Show, don’t tell: it’s the number one rule of effective storytelling. And now, with the help of augmented reality (AR) and virtual reality (VR), it’s a tool for sales teams everywhere to help sell their customers on solutions to their every need.
First off, what is solution selling? It’s the act of pitching solutions, rather than products—finding a customer’s pain point and showing them how a certain product or service can fix it. What better way to help customers understand the solution—and how much easier it will make their lives—than by “experiencing it” first hand? Thanks to AR and VR, that is now possible. In fact, it’s expected to become so popular that AR sales alone are predicted to hit nearly $140 billion by 2021. In fact, my colleague Shelly Kramer believes AR will continue to outpace VR due to ease of use and accessibility in the coming years. The following are just a few ways sales teams can use these new technologies to increase sales, cross-sells, upsells, and everything in between.
They’re the words every sales team hates to hear: “We found a cheaper provider.” In fact, when push comes to shove, most companies will be pressured to go with the lower price, regardless of value. AR and VR can give sales teams the tools to show what differentiates them from the pack. It helps the buyer experience the difference first-hand—how the product makes life easier or better—without hearing about it via a PowerPoint deck. Imagine being able to allow customers to experience your company’s surround sound speakers… your accommodation’s lake view… your catering service’s food spread. If a picture is worth a thousand words, a VR experience is worth millions.
More Effective Training
For those selling training programs, especially ones requiring complex or dangerous skill training, AR and VR are not just valuable, they are lifesavers. Using VR, members of the military can learn to maneuver through enemy territory without ever being in harm’s way. Astronauts can practice space missions without ever leaving earth. Doctors can practice complex surgeries without jeopardizing patients’ lives. That training in turn provides the confidence they need to do the job effectively in real life. In fact, one study showed that when assembling virtual airplane wings, students with AR training had a “sharp reduction” in errors over those who did not. For visual and physical learners, this is especially beneficial.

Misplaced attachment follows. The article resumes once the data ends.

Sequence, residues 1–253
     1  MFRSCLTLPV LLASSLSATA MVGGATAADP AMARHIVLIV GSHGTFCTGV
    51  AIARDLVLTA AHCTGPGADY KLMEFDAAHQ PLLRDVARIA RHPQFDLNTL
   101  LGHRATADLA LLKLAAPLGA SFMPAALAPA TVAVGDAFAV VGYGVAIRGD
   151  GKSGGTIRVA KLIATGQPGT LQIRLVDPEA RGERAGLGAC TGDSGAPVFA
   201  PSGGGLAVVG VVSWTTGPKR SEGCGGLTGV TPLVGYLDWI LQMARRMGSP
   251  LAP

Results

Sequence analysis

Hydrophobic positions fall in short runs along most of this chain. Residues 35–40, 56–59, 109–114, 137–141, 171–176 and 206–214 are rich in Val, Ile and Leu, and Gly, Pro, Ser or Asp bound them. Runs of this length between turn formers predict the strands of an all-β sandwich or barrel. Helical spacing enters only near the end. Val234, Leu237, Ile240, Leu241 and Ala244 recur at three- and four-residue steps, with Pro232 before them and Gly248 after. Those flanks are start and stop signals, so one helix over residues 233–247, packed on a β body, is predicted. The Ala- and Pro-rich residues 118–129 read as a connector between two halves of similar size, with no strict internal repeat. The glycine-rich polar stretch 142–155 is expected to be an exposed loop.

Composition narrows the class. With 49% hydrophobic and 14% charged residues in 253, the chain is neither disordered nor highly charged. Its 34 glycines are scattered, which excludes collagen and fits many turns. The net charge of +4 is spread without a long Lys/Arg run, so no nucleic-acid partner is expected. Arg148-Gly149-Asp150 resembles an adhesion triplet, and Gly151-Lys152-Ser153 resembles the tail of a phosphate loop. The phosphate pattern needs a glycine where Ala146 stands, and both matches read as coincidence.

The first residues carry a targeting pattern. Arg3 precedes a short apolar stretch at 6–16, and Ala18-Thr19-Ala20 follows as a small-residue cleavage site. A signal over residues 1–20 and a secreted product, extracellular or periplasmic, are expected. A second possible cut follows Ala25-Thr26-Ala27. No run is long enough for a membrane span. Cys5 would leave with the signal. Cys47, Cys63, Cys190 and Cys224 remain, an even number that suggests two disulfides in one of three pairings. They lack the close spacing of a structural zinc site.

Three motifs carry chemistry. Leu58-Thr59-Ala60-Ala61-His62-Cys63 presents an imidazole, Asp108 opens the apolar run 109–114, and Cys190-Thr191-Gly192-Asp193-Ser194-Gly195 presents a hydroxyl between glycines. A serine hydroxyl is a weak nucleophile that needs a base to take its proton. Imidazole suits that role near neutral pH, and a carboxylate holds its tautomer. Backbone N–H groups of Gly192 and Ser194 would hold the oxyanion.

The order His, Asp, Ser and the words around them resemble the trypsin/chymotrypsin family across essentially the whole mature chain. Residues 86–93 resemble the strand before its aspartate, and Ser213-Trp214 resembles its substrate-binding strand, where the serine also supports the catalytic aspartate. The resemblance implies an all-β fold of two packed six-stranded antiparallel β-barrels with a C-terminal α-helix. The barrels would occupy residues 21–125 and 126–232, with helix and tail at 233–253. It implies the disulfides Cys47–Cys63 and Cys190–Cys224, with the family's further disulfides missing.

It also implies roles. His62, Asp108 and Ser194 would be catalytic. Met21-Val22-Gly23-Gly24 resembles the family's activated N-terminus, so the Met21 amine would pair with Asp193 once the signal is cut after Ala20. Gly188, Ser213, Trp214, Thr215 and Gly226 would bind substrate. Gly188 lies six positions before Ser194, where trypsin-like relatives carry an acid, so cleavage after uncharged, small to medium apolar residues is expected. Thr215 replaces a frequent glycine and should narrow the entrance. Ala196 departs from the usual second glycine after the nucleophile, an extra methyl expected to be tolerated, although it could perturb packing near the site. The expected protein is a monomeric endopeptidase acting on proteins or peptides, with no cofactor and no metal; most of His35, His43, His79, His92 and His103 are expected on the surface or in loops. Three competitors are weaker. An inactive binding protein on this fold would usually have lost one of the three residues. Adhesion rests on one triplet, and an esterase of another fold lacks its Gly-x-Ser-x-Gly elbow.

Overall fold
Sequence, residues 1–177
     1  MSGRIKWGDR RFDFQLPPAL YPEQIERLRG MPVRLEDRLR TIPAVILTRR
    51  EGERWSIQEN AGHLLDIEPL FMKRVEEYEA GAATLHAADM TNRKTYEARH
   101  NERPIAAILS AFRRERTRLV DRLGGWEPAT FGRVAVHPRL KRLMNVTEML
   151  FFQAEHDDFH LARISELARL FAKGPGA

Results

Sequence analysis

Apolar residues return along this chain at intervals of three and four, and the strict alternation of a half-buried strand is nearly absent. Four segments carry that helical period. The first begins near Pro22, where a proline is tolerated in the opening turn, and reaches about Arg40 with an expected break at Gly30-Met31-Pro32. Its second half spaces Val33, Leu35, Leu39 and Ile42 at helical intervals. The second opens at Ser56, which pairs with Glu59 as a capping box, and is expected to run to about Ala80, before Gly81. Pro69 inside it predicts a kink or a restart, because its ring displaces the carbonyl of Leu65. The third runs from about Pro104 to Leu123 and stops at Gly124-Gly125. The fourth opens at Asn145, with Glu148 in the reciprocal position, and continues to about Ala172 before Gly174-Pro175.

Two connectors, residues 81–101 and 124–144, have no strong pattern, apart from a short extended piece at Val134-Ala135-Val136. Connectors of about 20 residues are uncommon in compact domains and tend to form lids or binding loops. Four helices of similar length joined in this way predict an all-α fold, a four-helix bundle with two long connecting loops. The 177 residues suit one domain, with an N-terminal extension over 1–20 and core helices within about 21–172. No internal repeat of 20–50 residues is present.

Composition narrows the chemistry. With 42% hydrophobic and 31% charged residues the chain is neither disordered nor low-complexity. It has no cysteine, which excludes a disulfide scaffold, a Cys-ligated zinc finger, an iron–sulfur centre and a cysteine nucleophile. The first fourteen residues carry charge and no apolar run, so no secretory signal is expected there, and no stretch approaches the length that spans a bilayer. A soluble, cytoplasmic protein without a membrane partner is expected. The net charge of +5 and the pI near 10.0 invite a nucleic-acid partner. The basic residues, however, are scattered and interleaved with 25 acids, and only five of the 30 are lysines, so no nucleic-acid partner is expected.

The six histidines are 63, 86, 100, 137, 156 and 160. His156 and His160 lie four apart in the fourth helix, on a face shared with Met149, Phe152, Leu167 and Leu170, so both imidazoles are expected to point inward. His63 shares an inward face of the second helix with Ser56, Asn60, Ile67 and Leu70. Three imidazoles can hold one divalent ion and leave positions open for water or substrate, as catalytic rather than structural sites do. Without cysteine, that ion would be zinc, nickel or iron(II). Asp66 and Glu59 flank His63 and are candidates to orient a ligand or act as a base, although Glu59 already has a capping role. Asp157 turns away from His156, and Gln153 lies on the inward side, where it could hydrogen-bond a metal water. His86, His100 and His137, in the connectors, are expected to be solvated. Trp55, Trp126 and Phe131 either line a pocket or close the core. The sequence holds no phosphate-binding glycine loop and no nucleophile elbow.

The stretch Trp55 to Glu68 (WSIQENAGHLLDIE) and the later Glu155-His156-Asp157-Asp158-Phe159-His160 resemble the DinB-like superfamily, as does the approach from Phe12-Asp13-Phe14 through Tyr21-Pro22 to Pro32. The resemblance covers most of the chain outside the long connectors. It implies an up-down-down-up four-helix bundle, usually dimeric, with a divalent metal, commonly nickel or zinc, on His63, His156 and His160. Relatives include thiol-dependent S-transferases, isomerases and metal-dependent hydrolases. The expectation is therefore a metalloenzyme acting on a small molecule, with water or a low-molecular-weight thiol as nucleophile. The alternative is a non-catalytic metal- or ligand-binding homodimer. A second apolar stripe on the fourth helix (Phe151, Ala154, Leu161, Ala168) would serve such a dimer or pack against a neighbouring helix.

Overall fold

Sometimes it’s hard for customers and clients to envision your concept, no matter how clear it seems on paper. This is especially true for those in real estate, architecture, and engineering. Using AR, real estate firms can help buyers understand how the property would look with any number of modifications or allow architects to show what their building would look like in full size. The same holds true for almost every area of retail: using AR, customers can “try on” furniture, clothing, cars, and almost any other large purchase without ever having to see the product first-hand. See my colleague Olivier Blanchard’s piece about AR and VR in the future of retail here.
Forget paper brochures and fliers. By effectively using AR and VR, companies can help ensure that by the time they reach the sales agent, customers are already sold on their product. Incorporating AR and VR into their websites and apps, companies can provide the entire experience to the customer up-front—leaving them just one step to close the deal: click to purchase.
In fact, over time, it’s my guess AR and VR will become the ultimate sales tool. As with anything in the digital transformation, the technology driving AR and VR will become easier to use. Rather than clunky goggles, it’s likely some version of AR and VR sales tools will be available via mobile device, much as Pokémon Go when it launched last summer. Google is already ahead of the game with its Tango app, which can create 3-D designs of rooms and spaces using in-device sensors. The tool could be valuable for interior designers, for instance, in instantly measure, decorating, and presenting options for clients’ rooms.
When it comes to AR and VR, the world truly can be your oyster—no matter how slippery or unsettling that may feel at first. The goal is to visualize how AR and VR can be used as tools for meeting your company’s needs. How can they solve your own sales pain points? How can they help you succeed?
Additional Resources on This Topic:
Virtual Showroom: VR, AR, and the Future of Retail
Why Augmented Reality is Going to Far Outpace Virtual Reality
Augmented Reality: Changing the Practice of Medicine
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